The uncontrollable twitching began in Steve Sawyer’s big toe, on his right foot, about nine years ago.
Sawyer, then 49, went to see a neurologist, who thought it might be early-onset Parkinson’s disease, a degenerative brain disorder that initially affects motor skills, causing tremors,stiffness, slowness of movement and impaired balance. As the disease progresses, patients may develop cognitive problems, psychiatric alterations and dementia.
Sawyer was referred to Joseph Jankovic, M.D., director of the Parkinson’s Disease Center and Movement Disorders Clinic at Baylor College of Medicine, who prescribed the typical regimen of medication, starting with a couple of pills a day. But Sawyer quickly discovered that as the disease progressed, more and more medication was required to control his tremors.
“Plus, the medication gives you sides effects, like drowsiness, so you have to take a medication to offset that,” Sawyer said. “It is a bad spiral you go down. Initially, it is a slow hill, but it seemed like overnight that it got pretty bad.”
Indeed, things got so bad that Sawyer began to refer to Jankovic not as his Parkinson’s doctor, but as his “pill doctor.”
Though it is hard for him to admit, Sawyer considers himself pretty lucky with the disease, because he only has bad tremors on his right side—in his leg and hand—and he can mask them by keeping his hand in his pocket. He was so good at hiding the symptoms of Parkinson’s that he didn’t reveal his diagnosis to his grown children until a year ago, around the time he decided to pursue a new treatment.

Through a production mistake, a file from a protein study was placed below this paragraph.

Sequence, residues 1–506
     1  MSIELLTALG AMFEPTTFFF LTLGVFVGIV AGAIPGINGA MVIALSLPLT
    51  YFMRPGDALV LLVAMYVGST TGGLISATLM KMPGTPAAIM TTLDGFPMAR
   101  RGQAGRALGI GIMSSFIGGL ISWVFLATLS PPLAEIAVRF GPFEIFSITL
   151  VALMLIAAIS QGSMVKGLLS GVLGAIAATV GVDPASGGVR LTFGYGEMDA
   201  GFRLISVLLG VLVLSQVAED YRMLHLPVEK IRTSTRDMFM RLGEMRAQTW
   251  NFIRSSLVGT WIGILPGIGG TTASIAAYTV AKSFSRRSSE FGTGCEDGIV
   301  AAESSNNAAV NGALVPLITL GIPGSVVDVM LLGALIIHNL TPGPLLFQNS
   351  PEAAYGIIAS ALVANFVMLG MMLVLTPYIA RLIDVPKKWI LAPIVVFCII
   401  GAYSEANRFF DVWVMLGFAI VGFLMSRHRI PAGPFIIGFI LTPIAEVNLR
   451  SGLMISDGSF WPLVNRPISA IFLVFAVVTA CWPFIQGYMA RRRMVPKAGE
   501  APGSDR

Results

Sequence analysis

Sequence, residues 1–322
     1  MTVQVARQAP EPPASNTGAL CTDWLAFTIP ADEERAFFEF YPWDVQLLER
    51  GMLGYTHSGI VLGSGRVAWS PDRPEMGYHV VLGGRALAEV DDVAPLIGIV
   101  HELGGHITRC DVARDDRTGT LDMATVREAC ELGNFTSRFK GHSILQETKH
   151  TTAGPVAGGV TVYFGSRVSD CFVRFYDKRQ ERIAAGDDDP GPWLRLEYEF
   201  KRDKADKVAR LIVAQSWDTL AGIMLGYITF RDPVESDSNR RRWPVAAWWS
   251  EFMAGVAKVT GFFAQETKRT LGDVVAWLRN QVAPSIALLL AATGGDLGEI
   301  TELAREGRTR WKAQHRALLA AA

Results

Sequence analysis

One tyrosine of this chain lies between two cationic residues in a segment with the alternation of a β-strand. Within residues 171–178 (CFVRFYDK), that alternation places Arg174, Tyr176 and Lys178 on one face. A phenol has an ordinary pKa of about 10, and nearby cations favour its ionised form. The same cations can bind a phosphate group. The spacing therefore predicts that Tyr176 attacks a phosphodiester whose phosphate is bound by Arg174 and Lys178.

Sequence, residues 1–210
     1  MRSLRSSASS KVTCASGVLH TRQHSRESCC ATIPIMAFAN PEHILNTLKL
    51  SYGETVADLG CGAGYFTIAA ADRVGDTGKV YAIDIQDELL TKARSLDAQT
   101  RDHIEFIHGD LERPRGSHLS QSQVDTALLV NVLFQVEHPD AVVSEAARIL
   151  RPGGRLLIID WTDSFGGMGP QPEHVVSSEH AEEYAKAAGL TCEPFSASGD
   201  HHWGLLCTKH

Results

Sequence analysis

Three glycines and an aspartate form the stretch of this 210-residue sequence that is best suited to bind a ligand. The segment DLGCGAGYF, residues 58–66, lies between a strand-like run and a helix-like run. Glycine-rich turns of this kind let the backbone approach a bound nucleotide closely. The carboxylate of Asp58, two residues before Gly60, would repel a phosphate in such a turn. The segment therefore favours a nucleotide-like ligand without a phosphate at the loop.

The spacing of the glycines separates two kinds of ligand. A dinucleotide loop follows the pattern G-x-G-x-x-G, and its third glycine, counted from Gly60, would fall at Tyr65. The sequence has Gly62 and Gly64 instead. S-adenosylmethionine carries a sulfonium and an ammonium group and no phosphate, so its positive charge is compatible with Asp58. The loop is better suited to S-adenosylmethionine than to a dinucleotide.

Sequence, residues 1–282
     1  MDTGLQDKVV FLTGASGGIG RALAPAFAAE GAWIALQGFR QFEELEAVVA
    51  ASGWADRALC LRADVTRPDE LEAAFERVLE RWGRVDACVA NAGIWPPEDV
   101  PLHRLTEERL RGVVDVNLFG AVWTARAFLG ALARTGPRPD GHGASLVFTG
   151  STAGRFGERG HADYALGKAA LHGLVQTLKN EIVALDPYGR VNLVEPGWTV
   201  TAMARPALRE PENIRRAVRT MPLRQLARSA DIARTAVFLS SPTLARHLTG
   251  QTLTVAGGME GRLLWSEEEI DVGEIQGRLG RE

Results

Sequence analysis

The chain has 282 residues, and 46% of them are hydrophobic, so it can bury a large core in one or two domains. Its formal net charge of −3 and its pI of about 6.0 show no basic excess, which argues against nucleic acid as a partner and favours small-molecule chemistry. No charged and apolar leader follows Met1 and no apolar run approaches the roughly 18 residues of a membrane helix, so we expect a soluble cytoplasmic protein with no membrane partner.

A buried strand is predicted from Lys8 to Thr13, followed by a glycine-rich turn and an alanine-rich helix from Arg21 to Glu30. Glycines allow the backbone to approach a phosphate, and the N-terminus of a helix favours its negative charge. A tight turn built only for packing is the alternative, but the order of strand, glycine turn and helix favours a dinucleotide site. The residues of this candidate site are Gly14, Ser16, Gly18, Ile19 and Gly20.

“They were getting started in life, and I didn’t want them to be burdened,” Sawyer explained. “I didn’t want people knowing and looking at me any differently. When I decided to do the new treatment, I started letting people know, like my family and neighbors. It was interesting to have them ask what I was up to, and to tell them I was going to have brain surgery.”
It was Jankovic who told Sawyer about an opportunity for a new treatment with Joohi Jimenez-Shahed, M.D., an assistant professor of neurology and director of the Deep Brain Stimulation Program at Baylor. Sawyer became the first CHI St. Luke’s Health-Baylor St. Luke’s Medical Center patient to receive an updated form of deep brain stimulation, a surgery reserved for patients with movement disorders who are no longer responding well to medications.